Yes, it's smashed. But never let a crisis go to waste.
The Porsche 911 is famous for many reasons, among them its unique design. The rear-engined sports car, despite the classic body having been gone for over 20 years now, still maintains a flat-six engine and those distinctive round front headlights. Aside from the brief "teardrop" shapes, Porsche has been remarkably consistent on this specific design feature for decades. However, there were a few years when the German automaker tried something new following a customer request.
The "Flachbau," meaning Flat Nose or Slant Nose, debuted in 1986 during the 930 generation. Only 948 examples were made. But why ditch those round headlights in the first place? Well, that initial customer request came from none other than Tag Heuer co-owner Mansour Ojjeh.
He requested Porsche build him a street-legal version of the 935 race car, which featured a flat hood for better aerodynamics. It was an interesting request and because he had the money, Porsche didn't refuse. The one-off result was a 930 911 fitted with fabricated 935 body panels. The suspension and brakes (housed in BBS wheels) also came from the 935, while power came from the 3.3-liter turbocharged flat-six from the 934 race car. Not surprisingly, the vehicle caught the attention of other enthusiasts. Porsche quickly took notice of this and smelled money.
The result is the aforementioned 948 units, each of which costing significantly more than a regular 930 911. How much more? Around 60 percent.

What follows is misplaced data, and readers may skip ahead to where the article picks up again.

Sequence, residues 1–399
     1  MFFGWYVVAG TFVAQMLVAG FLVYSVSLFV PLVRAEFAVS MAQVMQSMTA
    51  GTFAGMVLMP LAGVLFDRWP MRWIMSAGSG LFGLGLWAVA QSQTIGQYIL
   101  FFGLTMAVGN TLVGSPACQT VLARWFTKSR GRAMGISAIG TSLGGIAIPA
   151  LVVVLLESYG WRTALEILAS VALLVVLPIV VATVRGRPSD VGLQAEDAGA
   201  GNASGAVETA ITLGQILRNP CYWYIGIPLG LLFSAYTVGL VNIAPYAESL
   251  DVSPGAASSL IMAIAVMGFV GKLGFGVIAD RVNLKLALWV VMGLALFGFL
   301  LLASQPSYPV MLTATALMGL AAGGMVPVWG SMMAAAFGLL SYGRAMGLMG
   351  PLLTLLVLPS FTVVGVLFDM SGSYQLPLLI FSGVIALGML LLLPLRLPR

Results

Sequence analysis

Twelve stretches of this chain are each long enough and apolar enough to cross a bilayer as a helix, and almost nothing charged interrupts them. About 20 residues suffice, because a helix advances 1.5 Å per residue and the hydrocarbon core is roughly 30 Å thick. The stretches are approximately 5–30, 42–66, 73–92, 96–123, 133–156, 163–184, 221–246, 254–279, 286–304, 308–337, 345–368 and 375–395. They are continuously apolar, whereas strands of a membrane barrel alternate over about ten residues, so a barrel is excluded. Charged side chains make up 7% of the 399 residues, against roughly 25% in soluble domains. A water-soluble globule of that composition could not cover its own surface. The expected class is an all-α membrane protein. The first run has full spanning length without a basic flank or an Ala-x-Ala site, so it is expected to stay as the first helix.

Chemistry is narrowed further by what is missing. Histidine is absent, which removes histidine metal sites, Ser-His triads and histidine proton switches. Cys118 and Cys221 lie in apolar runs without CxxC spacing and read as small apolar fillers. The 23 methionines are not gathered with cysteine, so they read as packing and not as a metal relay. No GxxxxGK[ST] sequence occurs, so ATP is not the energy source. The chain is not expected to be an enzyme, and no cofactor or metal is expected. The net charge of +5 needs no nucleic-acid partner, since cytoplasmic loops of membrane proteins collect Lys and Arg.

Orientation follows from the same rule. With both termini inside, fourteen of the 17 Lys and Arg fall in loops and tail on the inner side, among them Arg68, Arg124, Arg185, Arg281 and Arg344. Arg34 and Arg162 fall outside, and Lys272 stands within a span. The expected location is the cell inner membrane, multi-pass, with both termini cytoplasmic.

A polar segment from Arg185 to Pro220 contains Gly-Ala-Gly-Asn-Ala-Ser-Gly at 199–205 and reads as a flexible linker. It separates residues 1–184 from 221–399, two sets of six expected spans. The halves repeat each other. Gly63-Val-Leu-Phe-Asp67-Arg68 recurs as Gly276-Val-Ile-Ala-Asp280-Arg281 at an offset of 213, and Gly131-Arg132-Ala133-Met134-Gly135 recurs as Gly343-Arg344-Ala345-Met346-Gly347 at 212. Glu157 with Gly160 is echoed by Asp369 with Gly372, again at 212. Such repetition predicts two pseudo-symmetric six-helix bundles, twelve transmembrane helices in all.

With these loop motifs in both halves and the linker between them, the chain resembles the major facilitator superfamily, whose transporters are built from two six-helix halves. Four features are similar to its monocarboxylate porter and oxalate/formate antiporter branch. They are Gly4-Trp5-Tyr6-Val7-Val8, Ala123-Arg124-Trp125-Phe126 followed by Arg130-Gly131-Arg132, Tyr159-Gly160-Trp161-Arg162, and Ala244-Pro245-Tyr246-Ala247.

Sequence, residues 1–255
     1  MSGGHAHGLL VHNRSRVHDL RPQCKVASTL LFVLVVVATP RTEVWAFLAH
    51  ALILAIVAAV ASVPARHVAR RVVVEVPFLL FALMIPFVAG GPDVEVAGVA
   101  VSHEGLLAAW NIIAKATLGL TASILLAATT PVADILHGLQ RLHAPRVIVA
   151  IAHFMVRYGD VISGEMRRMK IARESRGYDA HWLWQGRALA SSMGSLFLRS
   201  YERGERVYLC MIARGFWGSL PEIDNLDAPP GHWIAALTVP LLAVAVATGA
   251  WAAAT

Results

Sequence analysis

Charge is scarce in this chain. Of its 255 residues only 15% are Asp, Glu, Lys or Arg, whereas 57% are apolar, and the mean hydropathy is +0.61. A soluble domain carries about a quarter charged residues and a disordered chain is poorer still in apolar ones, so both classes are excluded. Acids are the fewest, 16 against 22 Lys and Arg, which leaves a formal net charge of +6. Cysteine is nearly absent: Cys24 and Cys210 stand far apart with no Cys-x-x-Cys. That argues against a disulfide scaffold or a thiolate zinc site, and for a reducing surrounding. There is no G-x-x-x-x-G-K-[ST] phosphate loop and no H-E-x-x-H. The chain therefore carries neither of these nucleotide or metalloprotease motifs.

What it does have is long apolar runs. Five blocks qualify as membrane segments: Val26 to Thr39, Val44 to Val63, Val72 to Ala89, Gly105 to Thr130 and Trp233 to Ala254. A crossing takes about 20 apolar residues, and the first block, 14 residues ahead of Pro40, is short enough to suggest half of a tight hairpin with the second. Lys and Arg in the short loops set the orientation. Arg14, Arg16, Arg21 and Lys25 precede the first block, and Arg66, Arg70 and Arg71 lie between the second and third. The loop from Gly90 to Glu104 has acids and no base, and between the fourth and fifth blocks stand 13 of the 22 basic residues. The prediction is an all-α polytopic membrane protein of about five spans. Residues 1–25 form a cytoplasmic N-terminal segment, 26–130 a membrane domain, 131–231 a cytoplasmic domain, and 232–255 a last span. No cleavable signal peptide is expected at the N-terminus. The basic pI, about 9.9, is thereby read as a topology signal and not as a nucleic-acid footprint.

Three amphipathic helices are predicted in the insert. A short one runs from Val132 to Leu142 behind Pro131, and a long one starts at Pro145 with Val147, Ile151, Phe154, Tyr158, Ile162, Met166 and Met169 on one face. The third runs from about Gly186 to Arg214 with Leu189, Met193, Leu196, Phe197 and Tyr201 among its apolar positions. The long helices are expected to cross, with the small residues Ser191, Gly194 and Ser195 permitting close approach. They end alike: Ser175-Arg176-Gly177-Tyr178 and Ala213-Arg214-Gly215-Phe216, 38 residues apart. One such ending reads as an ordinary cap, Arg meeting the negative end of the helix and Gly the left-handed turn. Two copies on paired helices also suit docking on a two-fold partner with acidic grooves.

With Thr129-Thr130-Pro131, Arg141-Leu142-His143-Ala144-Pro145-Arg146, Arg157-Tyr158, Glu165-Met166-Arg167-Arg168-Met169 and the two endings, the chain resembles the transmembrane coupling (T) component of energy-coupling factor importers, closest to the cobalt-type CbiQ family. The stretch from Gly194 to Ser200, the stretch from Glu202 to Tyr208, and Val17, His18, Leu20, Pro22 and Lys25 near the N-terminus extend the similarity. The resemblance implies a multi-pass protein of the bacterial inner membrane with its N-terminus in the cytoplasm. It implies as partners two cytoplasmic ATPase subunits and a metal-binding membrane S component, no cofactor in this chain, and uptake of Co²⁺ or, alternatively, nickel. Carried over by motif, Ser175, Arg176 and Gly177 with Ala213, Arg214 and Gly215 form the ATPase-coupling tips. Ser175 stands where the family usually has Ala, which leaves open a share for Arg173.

Porsche felt it could back that up as each car was handcrafted due to the remodeling of the fenders. Both coupe and cabriolet body styles were made (591 units of the latter) and all found buyers who were more than willing to pay up. The flattened hood, like that of the race car, greatly improved the road-going version's aerodynamics and acceleration. European customers were also treated to a performance kit. Needless to say, every surviving Flatnose is special and continues to increase in value.
And then there's this troubling example currently up for sale on eBay.
This 1988 930 Turbo Cabrio is an all-original factory car that suffered a terrible wreck back in the 1990s. It has never been repaired. Why not? The car was not insured at the time of the crash, therefore all repairs would have had to be done out of pocket. And because of this, the car sat in its current sad state. The good news is that its title and CarFax report are both clean, there's only 18,609 miles on its odometer, and it can be fully repaired.
While it won't be cheap, whoever is willing to tackle the timely and labor-intensive project, will be very nicely rewarded in the end.
Recent 930 Flatnose sales have been in the mid-$300,000 range and this example, whose VIN number can be verified, has a $90,000 asking price. Brave bidders only. It's impossible to know just how much the restoration will cost, but if it's managed and done properly, then there's definitely money to be made here.